Making the UI thread call Sleep is very bad practice. You need to have the message loop responsive. This is also why you should use background threads/workers to do any heavy work.

Application.DoEvents() is not bad practice but you have to consider the possibility that during the call to Application.DoEvents() your application got a message to close down and must stop all processing in a clean way. This is a very common mistake that developers do when using Application.DoEvents(). You need to check if the application is closing down immediatly after all calls to it.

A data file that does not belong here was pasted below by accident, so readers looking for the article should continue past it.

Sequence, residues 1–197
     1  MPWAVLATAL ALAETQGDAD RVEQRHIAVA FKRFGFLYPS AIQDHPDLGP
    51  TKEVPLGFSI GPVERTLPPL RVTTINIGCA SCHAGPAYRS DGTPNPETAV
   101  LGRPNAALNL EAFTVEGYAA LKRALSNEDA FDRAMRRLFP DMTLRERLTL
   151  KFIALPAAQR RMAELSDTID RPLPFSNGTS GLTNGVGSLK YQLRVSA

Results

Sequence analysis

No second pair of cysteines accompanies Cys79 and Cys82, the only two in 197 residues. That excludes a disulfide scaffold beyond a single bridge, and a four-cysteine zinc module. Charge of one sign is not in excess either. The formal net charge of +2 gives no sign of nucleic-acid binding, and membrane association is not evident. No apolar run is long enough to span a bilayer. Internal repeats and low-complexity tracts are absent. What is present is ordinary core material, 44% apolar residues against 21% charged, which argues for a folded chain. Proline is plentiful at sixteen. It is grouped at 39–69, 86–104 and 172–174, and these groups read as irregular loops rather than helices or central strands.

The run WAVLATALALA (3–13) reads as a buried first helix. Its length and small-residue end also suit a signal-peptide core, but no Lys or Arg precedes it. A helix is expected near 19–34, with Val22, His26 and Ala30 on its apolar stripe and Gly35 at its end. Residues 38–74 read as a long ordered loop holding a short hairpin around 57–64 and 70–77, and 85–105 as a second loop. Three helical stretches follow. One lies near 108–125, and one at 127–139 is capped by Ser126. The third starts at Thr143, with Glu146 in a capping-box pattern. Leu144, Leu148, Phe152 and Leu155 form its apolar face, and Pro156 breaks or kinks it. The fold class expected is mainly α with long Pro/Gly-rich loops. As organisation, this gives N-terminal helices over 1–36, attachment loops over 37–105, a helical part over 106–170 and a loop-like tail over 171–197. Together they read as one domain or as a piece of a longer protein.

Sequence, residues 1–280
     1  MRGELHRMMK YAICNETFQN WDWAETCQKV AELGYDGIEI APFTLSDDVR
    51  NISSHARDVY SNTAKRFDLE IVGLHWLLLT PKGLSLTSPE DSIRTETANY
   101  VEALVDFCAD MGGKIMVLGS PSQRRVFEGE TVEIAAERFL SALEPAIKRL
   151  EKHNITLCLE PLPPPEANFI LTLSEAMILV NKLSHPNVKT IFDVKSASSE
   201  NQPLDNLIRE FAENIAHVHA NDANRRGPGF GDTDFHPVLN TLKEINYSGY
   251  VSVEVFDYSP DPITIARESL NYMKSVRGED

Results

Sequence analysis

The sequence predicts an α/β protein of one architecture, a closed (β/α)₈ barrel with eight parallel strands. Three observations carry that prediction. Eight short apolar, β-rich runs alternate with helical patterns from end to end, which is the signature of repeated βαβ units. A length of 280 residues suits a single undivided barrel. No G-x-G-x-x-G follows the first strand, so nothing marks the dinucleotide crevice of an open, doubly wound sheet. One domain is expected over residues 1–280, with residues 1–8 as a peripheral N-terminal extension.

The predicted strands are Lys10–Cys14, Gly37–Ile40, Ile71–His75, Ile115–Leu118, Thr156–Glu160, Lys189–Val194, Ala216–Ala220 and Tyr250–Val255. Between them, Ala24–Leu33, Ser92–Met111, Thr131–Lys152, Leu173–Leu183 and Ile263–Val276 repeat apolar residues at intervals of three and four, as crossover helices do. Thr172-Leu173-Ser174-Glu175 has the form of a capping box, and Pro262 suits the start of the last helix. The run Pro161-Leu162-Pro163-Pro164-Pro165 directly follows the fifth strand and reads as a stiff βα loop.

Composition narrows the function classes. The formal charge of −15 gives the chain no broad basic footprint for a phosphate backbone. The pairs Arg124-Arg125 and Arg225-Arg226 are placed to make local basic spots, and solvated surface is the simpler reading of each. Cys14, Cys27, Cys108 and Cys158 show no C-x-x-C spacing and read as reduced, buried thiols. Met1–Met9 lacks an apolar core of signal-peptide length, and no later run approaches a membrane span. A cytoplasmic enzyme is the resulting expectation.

Thread.Sleep() is not a method you want to use and you should avoid it by all means. Making a thread sleep might have some usage in a device driver where you have to take into consideration for hardware needing to reach a stable state. As example when clicking a mouse button the actual switch in the mouse might bounce on the contact area and give mixed values during a fraction of a second and you can only rely on its value after a few microseconds.